Chinese military is said to be able to control airspace over Taiwan

Courtesy of Taiwan’s National Defense Ministry
A Chinese military J-16 jet of the type that entered Taiwan’s air defense identification zone last October

BEIJING — The Chinese military has been establishing a key capability for securing control of the sea and air in the event of an armed invasion of Taiwan, acquiring abilities to simultaneously conduct aerial attacks on land, sea and air targets, according to multiple sources. The sources drew this conclusion by analyzing China’s military aircraft incursions into Taiwan’s air defense identification zone (ADIZ), which surged in 2021. China’s preparations for a Taiwan invasion operation will near completion once the capability for landing operations on Taiwan’s main island is acquired, the sources said.

In 2021, China’s military aircraft flew into Taiwan’s ADIZ on about 250 occasions, with a total of 960 aircraft, according to Taiwan’s National Defense Ministry. In particular, from Sept. 16 to the end of December, about 500 aircraft flew in, more than three times the approximately 150 that were seen in the same period the year before.

Such Chinese aircraft activities had been perceived as demonstrations to warn against developments such as stronger ties between the United States and Taiwan. However, a source close to the Chinese military says they are training operations to acquire capability for actual warfare.

When a total of 52 Chinese aircraft, the largest number ever, entered Taiwan’s ADIZ in an operation in October, it included early warning aircraft, patrol aircraft, fighter jets and strategic bombers, according to the source. “The operation was conducted with a combination [of aircraft] capable of simultaneously attacking all areas — land, sea and air,” the source said. Helicopters were also involved, which suggests China’s intention to also send in special forces on the ground.

In addition, strategic bombers flew between the islands of Okinawa and Miyakojima in Okinawa Prefecture several times, heading southward to the Pacific Ocean. According to another source, the bombers repeatedly flew to a point from which they could attack U.S. bases in Guam with cruise missiles.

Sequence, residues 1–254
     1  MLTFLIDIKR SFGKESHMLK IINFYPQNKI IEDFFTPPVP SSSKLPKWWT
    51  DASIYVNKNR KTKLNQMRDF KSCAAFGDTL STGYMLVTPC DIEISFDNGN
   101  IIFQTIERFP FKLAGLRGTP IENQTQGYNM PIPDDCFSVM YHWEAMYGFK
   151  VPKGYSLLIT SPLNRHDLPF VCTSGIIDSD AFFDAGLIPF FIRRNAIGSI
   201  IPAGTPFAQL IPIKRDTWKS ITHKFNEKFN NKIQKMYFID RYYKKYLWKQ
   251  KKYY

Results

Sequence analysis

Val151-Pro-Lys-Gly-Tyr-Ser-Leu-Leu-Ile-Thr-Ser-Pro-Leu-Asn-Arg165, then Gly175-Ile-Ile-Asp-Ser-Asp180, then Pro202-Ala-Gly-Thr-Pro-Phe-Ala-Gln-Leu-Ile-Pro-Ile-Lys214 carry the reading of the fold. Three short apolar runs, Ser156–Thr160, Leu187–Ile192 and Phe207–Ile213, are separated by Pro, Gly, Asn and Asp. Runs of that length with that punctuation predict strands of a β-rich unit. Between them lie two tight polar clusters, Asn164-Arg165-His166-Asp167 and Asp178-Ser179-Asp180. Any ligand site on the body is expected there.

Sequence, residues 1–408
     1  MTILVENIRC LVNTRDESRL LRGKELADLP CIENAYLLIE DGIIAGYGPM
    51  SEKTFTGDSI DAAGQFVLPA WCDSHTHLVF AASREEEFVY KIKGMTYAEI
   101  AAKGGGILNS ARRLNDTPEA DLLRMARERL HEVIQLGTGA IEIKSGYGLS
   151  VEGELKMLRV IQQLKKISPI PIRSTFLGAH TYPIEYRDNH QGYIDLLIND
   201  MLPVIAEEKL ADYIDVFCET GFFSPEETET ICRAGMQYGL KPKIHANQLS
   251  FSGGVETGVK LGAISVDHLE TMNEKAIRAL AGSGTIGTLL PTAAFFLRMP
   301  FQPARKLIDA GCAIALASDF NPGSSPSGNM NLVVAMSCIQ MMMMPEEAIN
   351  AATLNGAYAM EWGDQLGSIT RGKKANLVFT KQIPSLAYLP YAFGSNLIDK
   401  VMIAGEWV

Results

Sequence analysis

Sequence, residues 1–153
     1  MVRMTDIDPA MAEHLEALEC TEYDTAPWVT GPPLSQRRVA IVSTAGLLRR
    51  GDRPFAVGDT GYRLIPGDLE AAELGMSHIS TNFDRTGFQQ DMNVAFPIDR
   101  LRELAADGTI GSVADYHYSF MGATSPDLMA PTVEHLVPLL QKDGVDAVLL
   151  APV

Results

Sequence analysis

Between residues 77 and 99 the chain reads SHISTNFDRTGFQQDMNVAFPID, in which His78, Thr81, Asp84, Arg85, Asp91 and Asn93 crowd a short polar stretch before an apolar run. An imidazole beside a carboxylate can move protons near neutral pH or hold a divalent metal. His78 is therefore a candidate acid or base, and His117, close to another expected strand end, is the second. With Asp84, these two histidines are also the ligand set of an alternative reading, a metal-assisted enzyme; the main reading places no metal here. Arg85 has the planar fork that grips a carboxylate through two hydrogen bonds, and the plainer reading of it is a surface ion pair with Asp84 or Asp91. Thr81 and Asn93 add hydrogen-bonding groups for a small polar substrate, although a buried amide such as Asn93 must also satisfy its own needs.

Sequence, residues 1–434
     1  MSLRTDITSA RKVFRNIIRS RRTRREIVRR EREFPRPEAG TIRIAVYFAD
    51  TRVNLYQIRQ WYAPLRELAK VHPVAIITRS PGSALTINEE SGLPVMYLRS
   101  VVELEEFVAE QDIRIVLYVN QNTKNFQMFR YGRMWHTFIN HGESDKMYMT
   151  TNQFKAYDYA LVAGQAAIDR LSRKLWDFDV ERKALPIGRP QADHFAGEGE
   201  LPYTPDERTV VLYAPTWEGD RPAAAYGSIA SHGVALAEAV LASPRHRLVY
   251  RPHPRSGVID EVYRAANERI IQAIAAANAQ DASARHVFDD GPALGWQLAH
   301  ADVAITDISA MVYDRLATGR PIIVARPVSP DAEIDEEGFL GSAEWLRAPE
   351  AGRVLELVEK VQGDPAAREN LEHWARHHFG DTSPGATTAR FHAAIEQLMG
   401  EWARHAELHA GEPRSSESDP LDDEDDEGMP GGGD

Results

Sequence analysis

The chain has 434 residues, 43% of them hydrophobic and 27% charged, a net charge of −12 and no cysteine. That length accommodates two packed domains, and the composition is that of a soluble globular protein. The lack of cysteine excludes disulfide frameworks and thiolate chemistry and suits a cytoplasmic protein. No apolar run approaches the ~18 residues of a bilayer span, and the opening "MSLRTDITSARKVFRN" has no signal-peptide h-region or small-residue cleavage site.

The Yomiuri Shimbun

In November last year, strategic bombers, along with aerial refueling aircraft and other aircraft, flew into Taiwan’s ADIZ, passed through the Bashi Channel that separates Taiwan and the Philippines, and then continued around to the east of Taiwan.

Sources say the operational radius of fighter jests escorting strategic bombers is expanded by the presence of aerial refueling aircraft. This will diversify China’s potential attack patterns on the U.S. carrier strike groups that would approach in case of a Taiwan contingency, or on the bases in Guam.

Taiwan’s defense ministry anticipates a Chinese military invasion would come in four stages: 1) Missile attacks launched from within China, 2) Cyber-attacks targeting Taiwan’s military facilities, 3) Seizing control of the air and sea to prevent intervention by U.S. and other forces, 4) Taking control of Taiwan’s main island through landing operations.

Having made progress in the deployment of ballistic and cruise missiles and establishment of cyber-attack capabilities, the Chinese military appears to be stepping up aircraft drills with an eye on the third stage of the process.